ricinoleic acid


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Related to ricinoleic acid: castor oil

ric·in·o·le·ic acid

 (rĭs′ĭn-ō-lē′ĭk)
n.
An unsaturated fatty acid, C18H34O3, prepared from castor oil and used in making soaps and in textile finishing.

[Latin ricinus, castor-oil plant + oleic.]

ricinoleic acid

(ˌrɪsɪnəʊˈliːɪk; -ˈnəʊlɪɪk)
n
1. (Elements & Compounds) an oily unsaturated carboxylic acid found, as the glyceride, in castor oil and used in the manufacture of soap and in finishing textiles; 12-hydroxy-9-octadecanoic acid. Formula: C18H34O3
2. (Elements & Compounds) the mixture of fatty acids obtained by hydrolysing castor oil
[C19: from ricin + oleic acid]

ric′in•o•le′ic ac′id

(ˈrɪs ə noʊˈli ɪk, -ˈnoʊ li ɪk, ˌrɪs-)
n.
an unsaturated hydroxyl acid, C18H34O3, used chiefly in soaps and textile finishing.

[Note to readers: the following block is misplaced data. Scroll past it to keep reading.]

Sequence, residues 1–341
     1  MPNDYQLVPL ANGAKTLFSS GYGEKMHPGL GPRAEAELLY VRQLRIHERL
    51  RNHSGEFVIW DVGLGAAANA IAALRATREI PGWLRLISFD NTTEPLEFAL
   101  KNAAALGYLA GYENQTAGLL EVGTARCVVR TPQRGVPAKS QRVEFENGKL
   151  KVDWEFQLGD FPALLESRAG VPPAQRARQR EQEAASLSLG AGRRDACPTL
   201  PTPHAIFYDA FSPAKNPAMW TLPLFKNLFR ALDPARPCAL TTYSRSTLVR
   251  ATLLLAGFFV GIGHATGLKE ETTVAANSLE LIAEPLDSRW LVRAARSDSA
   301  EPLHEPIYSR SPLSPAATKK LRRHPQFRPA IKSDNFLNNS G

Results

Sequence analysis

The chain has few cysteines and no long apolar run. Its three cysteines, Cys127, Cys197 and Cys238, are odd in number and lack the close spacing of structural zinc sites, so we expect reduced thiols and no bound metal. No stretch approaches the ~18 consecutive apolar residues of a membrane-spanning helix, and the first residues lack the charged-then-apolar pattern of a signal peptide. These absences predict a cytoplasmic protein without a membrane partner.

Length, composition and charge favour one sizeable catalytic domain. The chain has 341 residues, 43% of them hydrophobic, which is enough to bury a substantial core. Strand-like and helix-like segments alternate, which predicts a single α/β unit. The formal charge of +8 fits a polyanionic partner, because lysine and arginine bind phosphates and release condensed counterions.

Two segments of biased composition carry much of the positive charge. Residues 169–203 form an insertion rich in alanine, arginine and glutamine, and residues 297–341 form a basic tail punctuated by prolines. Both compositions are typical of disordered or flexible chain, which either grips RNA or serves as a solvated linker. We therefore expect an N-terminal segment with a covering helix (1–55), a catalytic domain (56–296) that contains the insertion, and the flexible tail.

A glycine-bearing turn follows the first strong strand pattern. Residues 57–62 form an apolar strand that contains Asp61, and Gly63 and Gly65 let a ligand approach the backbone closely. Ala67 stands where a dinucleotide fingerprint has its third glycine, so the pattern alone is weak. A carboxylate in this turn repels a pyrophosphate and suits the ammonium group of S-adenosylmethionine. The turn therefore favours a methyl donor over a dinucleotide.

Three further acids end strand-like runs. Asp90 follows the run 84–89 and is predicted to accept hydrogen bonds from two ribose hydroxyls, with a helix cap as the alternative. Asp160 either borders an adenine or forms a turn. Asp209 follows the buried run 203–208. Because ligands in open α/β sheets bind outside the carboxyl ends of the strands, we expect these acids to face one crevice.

[1840–50; < Latin ricin(us) castor-oil plant + oleic]
ThesaurusAntonymsRelated WordsSynonymsLegend:
Noun1.ricinoleic acid - an oily fatty acid found in castor oil and used in soap
castor oil - a purgative extracted from the seed of the castor-oil plant; used in paint and varnish as well as medically
unsaturated fatty acid - a fatty acid whose carbon chain can absorb additional hydrogen atoms
References in periodicals archive ?
There are various substitutes for isostearic acids (such as lauric acid, myristic acid, palmitic acid, stearic acid, ricinoleic acid, oleic acid, behenic acid, erucic acid, and coconut fatty acid), which are readily available in the market at lower prices.
6) Castor oil is not used as a food source and it is chiefly composed of triglycerides of ricinoleic acid, with minor contributions from oleic, linoleic, and others.
Besides its laxative effects that can prevent its use, ricinoleic acid has been shown to have antimicrobial (Novak et al.